"The author has put her work out to the public, meaning she has to accept that people will say good things and bad things."
That’s the exact phrase I encountered in a negative comment* on AO3 today, and I’ve said my piece in response, but I realized I had a specific problem with this argument that I failed to tackle there. It’s the idea that all spaces on the Internet are equal, and that everyone’s entitled to act however they wish and say whatever they want in those spaces because they’re open to the public.
Here’s the thing. There are still rules of decorum in public spaces. A restaurant, for example, is a public place, in the sense that anyone can walk in and order a meal. However, the guests eating at that restaurant don’t share the same rights of ownership as the person who owns it, runs it, and pays the taxes for it. If the owner institutes a dress code, people are expected to comply and may be refused service if they don’t. If a customer is rude to the staff, the owner or the manager is fully within rights to show that person the door. Just because it’s a public place doesn’t mean there aren’t established rules of behavior, both explicit and implicit, that should be followed.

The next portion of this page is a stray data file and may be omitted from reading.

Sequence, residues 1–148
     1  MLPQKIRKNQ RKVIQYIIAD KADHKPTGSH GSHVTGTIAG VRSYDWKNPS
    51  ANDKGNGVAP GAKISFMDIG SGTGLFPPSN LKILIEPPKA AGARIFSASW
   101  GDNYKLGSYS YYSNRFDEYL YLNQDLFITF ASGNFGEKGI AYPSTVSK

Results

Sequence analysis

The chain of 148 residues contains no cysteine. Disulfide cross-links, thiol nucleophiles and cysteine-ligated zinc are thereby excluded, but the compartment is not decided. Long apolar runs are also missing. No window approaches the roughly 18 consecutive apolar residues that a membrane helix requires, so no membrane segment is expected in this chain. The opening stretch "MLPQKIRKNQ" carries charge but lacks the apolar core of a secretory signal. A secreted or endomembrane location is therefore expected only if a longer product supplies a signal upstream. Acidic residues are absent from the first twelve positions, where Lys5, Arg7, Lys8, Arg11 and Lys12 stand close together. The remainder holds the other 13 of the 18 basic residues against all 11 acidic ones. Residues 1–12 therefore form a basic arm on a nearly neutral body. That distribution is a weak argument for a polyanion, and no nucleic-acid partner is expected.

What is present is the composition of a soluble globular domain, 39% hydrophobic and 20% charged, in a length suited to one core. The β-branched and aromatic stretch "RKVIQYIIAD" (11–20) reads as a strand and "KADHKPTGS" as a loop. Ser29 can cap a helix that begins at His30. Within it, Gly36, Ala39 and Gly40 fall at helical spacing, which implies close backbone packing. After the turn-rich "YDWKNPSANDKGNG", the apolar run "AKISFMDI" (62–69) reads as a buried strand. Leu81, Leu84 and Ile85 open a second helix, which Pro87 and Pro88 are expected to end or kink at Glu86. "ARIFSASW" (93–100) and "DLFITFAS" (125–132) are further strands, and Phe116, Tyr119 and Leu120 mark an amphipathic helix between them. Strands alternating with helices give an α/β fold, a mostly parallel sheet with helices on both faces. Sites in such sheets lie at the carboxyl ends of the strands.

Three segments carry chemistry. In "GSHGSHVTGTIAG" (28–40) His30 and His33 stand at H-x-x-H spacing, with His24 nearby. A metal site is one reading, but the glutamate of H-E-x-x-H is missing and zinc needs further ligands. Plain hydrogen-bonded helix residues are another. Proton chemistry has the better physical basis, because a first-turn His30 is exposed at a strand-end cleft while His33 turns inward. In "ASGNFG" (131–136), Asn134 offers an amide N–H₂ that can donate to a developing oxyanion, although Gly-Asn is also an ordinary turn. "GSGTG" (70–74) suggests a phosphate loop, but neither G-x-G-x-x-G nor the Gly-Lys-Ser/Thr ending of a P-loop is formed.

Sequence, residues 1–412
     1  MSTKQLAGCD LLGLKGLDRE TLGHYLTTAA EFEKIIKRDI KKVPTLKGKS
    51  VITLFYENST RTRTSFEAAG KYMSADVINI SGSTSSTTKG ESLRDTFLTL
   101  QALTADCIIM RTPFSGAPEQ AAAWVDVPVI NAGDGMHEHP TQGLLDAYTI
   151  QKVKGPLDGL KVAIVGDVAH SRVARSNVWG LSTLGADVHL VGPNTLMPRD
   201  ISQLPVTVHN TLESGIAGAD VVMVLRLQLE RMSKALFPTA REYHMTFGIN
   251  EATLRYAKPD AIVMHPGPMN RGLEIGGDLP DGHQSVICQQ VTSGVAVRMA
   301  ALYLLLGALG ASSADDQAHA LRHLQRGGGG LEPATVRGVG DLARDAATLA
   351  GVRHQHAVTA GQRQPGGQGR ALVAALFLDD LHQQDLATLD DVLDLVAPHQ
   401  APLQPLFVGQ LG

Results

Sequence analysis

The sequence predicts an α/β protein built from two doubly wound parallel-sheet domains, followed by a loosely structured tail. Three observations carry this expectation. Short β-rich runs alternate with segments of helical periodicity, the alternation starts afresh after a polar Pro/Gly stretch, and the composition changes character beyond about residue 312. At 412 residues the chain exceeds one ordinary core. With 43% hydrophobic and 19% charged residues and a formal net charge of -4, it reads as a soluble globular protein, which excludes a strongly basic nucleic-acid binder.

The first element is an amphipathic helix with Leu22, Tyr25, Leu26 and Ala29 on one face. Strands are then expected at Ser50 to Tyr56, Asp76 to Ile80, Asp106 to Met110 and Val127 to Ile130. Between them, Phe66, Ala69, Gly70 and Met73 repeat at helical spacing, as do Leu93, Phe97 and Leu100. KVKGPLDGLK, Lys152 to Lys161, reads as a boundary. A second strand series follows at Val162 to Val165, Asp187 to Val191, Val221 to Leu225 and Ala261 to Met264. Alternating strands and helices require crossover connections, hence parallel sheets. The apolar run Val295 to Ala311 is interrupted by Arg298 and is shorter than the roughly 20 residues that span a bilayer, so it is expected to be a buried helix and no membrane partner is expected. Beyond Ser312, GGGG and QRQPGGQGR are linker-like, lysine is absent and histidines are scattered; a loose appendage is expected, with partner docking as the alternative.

The Archive of Our Own is a public space in the sense that you don’t need a password to access most of it, but it is owned, maintained, and funded by the fan community (hence the name). And the community that owns it has declared the AO3 a “safe space” for fan creators and those who enjoy their work.** If an outsider comes in and violates the “safe space” rule of the AO3 by posting rude comments or unsolicited criticism, the fans are fully within their rights to protest that outsider’s actions. That’s why fandom gets upset when fics are posted without consent to other sites such as Goodreads, or when the mainstream media features fanart without permission in their opinion pieces. Those audiences are ignorant of the context of the works–those works were not created for them. Fanworks belong to fandom. If you want to partake of fanworks created by fans, for fans, in the space provided by fans, you must play by the rules.
*I was not the writer of that fic, nor do I speak for her, but this issue goes beyond one specific fic anyway.
**For new fans: Reasons for the safe space rule have been discussed extensively elsewhere. Try The Daily Dot’s geek section, search for fandom articles. They are written by members of fandom who are reporting from within the culture.